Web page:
Lee Kong Chian Natural History Museum

Calliophis intestinalis Laurenti, 1768

Species:C. intestinalis
Common Names:Banded Malayan Coral Snake


Banded Malayan Coral Snake is slender and has a small head that is indistinct from the neck. The dorsal part is dark brown with a red stripe along the middle of the back while the ventral is white with black bands, except the underside of the tail which is red with black bands. It can grow to 71 cm in total length.

Read more about the Squamata order.
Read more about the Elapidae family.


Southern Thailand, Cambodia, Vietnam, Peninsular Malaysia, Sumatra, Pulau Nias, Pulau Bangka, Pulau Belitung, the Mentawai and Riau Archipelagos, Borneo, eastern Sumatra, Java and the Phillippines.


Bukit Timah Nature Reserve, Central Catchment Nature Reserve, Kent Ridge Park, Nee Soon Swamp Forest, Upper Seletar Reservoir Park, Pulau Tekong

Locality Map

General Biology

These snakes inhabit forest, scrubland and gardens. Being nocturnal and semi-fossorial, they conceal themselves under leaves, logs and other debris on the forest floor in the day. They are highly venomous and their venom targets the nervous system, but they are normally inoffensive. When provoked, they will flatten the body, become rigid and turn over to expose their banded underside.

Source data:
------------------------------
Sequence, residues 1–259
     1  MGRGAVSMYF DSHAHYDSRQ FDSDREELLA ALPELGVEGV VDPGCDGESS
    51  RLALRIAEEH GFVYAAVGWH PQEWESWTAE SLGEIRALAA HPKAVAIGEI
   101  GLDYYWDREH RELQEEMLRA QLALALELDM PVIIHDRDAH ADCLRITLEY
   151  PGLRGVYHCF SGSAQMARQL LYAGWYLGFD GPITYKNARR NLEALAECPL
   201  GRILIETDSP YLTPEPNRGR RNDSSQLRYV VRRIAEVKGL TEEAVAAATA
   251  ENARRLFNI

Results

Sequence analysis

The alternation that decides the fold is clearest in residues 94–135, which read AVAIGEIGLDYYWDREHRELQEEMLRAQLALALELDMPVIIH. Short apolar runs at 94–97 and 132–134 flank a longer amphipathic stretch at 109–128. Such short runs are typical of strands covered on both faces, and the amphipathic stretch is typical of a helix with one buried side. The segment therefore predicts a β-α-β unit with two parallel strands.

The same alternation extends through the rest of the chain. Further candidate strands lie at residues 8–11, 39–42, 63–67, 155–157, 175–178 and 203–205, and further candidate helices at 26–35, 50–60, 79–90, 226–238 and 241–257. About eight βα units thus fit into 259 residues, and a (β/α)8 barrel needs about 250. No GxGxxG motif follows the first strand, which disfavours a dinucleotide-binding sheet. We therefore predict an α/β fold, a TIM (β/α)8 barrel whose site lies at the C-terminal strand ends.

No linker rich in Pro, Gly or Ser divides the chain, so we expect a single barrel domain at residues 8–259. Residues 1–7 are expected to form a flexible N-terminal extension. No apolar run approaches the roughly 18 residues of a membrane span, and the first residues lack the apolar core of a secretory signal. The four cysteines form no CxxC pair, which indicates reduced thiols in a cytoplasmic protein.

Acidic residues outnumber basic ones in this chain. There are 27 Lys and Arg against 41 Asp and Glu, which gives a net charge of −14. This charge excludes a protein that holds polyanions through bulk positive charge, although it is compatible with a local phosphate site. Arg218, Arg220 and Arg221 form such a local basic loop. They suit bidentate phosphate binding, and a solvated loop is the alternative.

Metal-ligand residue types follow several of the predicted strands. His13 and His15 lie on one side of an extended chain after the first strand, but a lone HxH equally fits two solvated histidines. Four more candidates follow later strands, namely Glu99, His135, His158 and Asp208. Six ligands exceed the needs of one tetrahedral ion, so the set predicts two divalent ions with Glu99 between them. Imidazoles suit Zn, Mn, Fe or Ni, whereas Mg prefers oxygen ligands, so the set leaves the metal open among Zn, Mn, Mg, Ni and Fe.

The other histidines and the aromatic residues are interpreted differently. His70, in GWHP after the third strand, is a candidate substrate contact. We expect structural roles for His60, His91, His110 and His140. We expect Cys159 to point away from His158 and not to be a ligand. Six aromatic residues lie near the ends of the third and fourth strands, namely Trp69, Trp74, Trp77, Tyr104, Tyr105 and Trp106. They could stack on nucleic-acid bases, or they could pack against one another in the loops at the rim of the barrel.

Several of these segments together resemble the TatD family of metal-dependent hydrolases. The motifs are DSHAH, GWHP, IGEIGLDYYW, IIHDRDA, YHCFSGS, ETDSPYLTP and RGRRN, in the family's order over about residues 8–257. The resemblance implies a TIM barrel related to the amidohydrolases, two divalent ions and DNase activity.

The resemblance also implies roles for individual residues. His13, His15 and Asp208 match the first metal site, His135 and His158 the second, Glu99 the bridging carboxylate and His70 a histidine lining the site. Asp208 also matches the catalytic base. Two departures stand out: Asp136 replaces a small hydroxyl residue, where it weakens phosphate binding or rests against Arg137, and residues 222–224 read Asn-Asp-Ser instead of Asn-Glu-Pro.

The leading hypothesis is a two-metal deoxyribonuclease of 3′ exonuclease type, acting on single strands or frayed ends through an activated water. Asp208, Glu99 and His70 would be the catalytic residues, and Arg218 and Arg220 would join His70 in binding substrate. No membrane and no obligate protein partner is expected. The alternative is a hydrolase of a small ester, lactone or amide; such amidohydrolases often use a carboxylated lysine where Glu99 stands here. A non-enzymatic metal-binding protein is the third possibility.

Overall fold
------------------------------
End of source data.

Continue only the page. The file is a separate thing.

It feeds on other small snakes such as Blind Snakes.

Life Cycle

Oviparous; each clutch comprise one to three eggs with an incubation period of 84 days.

Other Resources

Uetz, P. (editor). The Reptile Database: Calliophis intestinalis. http://reptile-database.reptarium.cz/species?genus=Calliophis&species=intestinalis. (Accessed September 2012).


Baker, N. & K.K.P. Lim, 2008. Wild Animals of Singapore. A Photographic Guide to Mammals, Reptiles, Amphibians and Freshwater Fishes. Draco Publishing and Distribution Pte Ltd and Nature Society (Singapore). 180 pp.

Das, I., 2010. A Field Guide to the Reptiles of South-East Asia. New Holland Publishers (UK) Ltd. 376 pp.

Lim, K.K.P. & F.L.K. Lim, 2002. A Guide to the Amphibians & Reptiles of Singapore. Singapore Science Centre. 160 pp.

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